Saturday, September 30, 2006

There's a Chill In The Air

And it's not just from the cooler fall temperatures. Secretary of Education, Margaret Spellings wants to throw open the doors on higher education and begin the process of federalizing higher education. Citing a "remarkable absence of accountability mechanisms" in postsecondary institutions, in partnership with the states she would like to,

[D]evelop a voluntary, privacy-protected higher education information system that longitudinally analyzes performance. About 40 states have similar systems in place. We must connect these islands of data and make the information available to everyone. We propose providing matching funds to states and institutions that collect and publicly report information on student performance. And we will use the findings to redesign the Department of Education's college search Web site into a more user-friendly search tool.

The commission wrote that "higher education must change from a system primarily based on reputation to one based on performance." I could not agree more. To succeed, this effort must be led by the colleges and universities themselves. We must be careful not to harm the autonomy and creativity that has made them the envy of the world.

But we must act now. Our goal is nothing less than full access to the American Dream by every American who chooses to pursue it.

What state politician will refuse federal money in return for "voluntary" participation in this new accountability system?

The lie now being told to us now about holding universities accountable is the same lie that was told to get standardized testing implemented at the secondary level. The state convinced parents that the need for state standardized tests was to hold our schools accountable. Stuff and nonsense. It was to track each individual child. If it was truly for school accountability, then the test would be anonymous and a respresentative sample of students would be sufficient. But testing all children in every school has a much different purpose than school accountability. The same is true in higher education. The Spellings Commission on Higher Education is all about continuing the process of tracking students from preschool through college. (P-16) into a seamless educational system.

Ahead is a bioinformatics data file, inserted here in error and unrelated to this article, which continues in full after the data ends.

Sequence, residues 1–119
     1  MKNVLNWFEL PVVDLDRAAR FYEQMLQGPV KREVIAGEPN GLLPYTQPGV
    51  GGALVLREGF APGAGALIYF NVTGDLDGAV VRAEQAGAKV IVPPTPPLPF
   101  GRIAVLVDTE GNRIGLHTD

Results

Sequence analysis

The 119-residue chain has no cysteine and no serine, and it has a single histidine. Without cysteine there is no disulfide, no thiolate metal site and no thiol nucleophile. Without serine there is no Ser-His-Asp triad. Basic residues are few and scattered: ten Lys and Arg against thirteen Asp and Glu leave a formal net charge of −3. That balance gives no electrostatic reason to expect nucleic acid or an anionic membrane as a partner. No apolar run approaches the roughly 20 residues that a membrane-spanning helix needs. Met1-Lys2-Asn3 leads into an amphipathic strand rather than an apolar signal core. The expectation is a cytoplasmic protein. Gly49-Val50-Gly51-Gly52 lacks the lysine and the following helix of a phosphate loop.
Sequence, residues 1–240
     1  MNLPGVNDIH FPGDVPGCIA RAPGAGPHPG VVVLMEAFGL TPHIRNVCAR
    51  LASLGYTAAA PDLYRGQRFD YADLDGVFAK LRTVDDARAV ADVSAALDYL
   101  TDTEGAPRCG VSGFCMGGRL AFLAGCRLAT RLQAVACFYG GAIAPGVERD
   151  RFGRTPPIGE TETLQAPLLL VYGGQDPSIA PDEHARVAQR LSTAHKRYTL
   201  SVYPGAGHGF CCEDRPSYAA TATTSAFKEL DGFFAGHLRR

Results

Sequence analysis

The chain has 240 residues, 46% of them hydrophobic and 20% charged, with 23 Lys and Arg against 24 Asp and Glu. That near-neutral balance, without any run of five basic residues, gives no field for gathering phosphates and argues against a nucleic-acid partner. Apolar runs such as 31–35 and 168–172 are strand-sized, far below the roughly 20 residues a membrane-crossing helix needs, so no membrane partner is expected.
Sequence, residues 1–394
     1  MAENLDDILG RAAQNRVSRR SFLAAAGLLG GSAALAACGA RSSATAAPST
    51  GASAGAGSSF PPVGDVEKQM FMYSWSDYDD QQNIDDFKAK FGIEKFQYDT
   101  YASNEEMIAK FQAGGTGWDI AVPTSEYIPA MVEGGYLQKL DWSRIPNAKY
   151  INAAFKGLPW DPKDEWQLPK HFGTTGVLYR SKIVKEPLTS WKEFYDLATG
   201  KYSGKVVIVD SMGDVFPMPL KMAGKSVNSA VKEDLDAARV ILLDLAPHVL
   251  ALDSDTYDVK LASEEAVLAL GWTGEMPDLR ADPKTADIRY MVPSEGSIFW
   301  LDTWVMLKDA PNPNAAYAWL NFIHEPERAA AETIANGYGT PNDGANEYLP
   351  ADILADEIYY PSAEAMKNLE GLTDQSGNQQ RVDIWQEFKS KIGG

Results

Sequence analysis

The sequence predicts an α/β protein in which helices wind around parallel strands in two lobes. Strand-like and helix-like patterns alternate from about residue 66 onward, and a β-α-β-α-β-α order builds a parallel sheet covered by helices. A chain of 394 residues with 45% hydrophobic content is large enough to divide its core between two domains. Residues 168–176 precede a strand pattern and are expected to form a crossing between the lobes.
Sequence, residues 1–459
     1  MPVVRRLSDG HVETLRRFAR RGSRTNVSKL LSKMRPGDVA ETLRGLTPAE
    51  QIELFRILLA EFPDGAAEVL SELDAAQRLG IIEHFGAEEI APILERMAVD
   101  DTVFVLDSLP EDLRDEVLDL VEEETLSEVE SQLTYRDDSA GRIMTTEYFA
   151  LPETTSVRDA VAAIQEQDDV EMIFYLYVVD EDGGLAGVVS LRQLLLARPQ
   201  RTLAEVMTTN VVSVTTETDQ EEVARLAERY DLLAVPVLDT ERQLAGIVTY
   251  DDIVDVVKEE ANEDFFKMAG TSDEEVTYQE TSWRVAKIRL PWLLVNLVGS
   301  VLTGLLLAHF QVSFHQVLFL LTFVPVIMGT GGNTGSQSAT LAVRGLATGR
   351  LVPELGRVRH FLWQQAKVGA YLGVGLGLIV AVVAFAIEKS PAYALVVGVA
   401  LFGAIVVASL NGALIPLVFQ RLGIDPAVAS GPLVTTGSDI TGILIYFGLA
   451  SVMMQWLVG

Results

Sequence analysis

Today's education system works as separate parts with little coordination between academic levels or long-range planning. To meet today's challenges, America must create a radically different system. Such a system must be seamless from kindergarten (preferably preschool) through postsecondary education. The goal should be a P-16 system where students develop at different rates with different competencies and learning styles.
That's the long range goal. Once naive, twice stupid. Shame on us, if we buy this lie a second time.

If the federal government gets away with this then the real American Dream started by our founding fathers will begin to look like our country's worst nightmare.

In a related story, colleges are coveting homeschoolers.

Home-schooled students — whose numbers in this country range from an estimated 1.1 million to as high as 2 million — often come to college equipped with the skills necessary to succeed in higher education, said Regina Morin, admissions director of Columbia College.

Such assets include intellectual curiosity, independent study habits and critical thinking skills, she said.

"It's one of the fastest-growing college pools in the nation," she said. "And they tend to be some of the best prepared."

It remains to be seen how the "performance standards" desired by the federal government and a seamless transition from high school to college will affect this trend.

Another trend in higher education is making courses available online for free. Berkley is now offering over 100 introductory courses available.

I also just recently realized The Great Courses are available at our local library. We are listening to Long Island University Professor Bob Brier lecture on Ancient Egypt. So far it's been pretty good. All this university learning is making me wonder if getting the degree has become more important than getting the knowledge. My children won't get "college credit" for completing the lecture series, but is that the most important thing? I don't think so.

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